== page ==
The KRAB-zinc finger proteins (KRAB-ZFPs) represent a very large, but poorly understood, family of transcriptional regulators in mammals. They are thought to repress transcription via their interaction with KRAB-associated protein 1 (KAP1), which then assembles a complex of chromatin modifiers to lay down histone marks that are associated with inactive chromatin. Studies of KRAB-ZFP/KAP1-mediated gene silencing, using reporter constructs and ectopically expressed proteins, have shown colocalisation of both KAP1 and repressed reporter target genes to domains of constitutive heterochromatin in the nucleus. However, we show here that although KAP1 does indeed become recruited to pericentric heterochromatin during differentiation of mouse embryonic stem (ES) cells, endogenous KRAB-ZFPs do not. Rather, KRAB-ZFPs and KAP1 relocalise to novel nucleoplasmic foci that we have termed KRAB- and KAP1-associated (KAKA) foci. HP1s can also concentrate in these foci and there is a close spatial relationship between KAKA nuclear foci and PML nuclear bodies. Finally, we reveal differential requirements for the recruitment of KAP1 to pericentric heterochromatin and KAKA foci, and suggest that KAKA foci may contain sumoylated KAP1 - the form of the protein that is active in transcriptional repression.
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http://dx.doi.org/10.1242/jcs.034793DOI Listing
http://www.ncbi.nlm.nih.gov/pmc/articles/PMC2720929PMC
April 2009

Play preparation for children with special needs.

Paediatr Nurs 2002 Oct;14(8):27-9

Child Development Centre, City Hospital, Nottingham.

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http://dx.doi.org/10.7748/paed2002.10.14.8.27.c7895DOI Listing
October 2002

Tunable front interaction and localization of periodically forced waves.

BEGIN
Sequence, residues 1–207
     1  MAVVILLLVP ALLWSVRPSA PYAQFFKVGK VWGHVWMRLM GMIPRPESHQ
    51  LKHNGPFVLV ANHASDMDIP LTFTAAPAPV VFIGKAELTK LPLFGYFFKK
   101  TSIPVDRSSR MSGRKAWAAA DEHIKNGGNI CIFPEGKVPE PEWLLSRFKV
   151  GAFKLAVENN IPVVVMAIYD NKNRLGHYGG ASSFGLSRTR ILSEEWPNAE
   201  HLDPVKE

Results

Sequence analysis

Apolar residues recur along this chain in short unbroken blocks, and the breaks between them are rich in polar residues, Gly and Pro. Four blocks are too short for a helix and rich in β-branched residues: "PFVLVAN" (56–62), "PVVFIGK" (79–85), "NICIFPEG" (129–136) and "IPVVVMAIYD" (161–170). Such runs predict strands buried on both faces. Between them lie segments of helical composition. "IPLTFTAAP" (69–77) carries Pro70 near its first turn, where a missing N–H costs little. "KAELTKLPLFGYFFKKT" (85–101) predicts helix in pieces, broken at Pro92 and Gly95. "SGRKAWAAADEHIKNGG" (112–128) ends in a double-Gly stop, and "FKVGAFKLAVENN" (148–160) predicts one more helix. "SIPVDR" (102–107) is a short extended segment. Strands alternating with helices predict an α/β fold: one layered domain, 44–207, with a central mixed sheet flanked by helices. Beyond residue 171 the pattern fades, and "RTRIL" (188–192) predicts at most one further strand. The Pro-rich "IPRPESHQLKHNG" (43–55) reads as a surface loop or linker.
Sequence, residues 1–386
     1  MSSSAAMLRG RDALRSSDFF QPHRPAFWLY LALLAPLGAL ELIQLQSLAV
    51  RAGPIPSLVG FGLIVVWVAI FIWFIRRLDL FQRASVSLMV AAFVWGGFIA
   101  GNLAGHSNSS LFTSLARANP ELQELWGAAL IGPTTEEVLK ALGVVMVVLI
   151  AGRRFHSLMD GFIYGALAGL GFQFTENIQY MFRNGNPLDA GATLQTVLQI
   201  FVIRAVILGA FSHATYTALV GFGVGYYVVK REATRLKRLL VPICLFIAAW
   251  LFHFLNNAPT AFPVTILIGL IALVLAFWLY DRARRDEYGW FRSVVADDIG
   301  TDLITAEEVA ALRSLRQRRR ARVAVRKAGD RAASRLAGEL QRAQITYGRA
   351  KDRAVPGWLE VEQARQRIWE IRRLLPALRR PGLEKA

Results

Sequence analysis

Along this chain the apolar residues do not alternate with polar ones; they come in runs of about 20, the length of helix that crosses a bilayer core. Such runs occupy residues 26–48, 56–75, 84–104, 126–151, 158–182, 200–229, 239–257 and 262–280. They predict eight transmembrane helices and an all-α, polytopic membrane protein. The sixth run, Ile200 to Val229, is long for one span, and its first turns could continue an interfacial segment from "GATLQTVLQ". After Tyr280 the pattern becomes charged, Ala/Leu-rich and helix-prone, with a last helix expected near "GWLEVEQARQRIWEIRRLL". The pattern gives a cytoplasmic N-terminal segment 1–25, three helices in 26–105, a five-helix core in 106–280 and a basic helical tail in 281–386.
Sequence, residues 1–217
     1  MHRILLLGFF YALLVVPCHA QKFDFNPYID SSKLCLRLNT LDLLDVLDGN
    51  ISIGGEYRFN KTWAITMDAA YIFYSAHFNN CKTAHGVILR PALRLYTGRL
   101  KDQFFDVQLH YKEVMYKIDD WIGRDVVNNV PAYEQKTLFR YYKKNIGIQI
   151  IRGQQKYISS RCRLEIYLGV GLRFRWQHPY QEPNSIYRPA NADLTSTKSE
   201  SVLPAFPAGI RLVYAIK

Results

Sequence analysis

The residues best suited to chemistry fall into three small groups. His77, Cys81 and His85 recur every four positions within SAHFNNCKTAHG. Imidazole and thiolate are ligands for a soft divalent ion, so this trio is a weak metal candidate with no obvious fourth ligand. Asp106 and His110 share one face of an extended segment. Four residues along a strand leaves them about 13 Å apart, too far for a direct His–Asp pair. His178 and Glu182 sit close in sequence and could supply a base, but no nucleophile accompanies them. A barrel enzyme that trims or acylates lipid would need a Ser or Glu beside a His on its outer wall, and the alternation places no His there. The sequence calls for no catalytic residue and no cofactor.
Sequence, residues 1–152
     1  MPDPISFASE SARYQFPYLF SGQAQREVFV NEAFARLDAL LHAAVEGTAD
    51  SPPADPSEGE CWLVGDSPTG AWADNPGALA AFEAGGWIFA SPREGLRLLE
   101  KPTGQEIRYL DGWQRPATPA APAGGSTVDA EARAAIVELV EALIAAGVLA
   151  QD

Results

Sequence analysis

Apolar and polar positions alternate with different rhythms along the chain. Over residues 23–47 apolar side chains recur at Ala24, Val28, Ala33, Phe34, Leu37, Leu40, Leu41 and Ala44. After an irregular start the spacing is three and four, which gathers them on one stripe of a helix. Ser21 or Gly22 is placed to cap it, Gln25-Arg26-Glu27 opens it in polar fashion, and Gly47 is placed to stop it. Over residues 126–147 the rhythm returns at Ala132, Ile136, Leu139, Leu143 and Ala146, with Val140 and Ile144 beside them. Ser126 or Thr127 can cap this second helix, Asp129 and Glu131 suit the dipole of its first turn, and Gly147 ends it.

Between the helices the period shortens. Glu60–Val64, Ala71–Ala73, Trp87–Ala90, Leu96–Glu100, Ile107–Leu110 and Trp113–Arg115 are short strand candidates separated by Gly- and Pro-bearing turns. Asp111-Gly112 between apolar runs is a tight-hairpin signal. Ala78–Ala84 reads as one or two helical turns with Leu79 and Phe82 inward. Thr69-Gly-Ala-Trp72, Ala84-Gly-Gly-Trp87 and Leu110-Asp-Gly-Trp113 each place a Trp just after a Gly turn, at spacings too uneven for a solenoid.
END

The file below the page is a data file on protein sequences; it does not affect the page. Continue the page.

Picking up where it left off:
Phys Rev E Stat Nonlin Soft Matter Phys 2002 Jun 28;65(6 Pt 2):066307. Epub 2002 Jun 28.

Department of Engineering Sciences and Applied Mathematics, Northwestern University, Evanston, IL 60208, USA.

In systems that exhibit a bistability between nonlinear traveling waves and the basic state, pairs of fronts connecting these two states can form localized wave pulses whose stability depends on the interaction between the fronts. We investigate wave pulses within the framework of coupled Ginzburg-Landau equations describing the traveling-wave amplitudes. We find that the introduction of resonant temporal forcing results in a tunable mechanism for stabilizing such wave pulses. In contrast to other localization mechanisms the temporal forcing can achieve localization by a repulsive as well as by an attractive interaction between the fronts. Systems for which the results are expected to be relevant include binary-mixture convection and electroconvection in nematic liquid crystals.
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http://dx.doi.org/10.1103/PhysRevE.65.066307DOI Listing
June 2002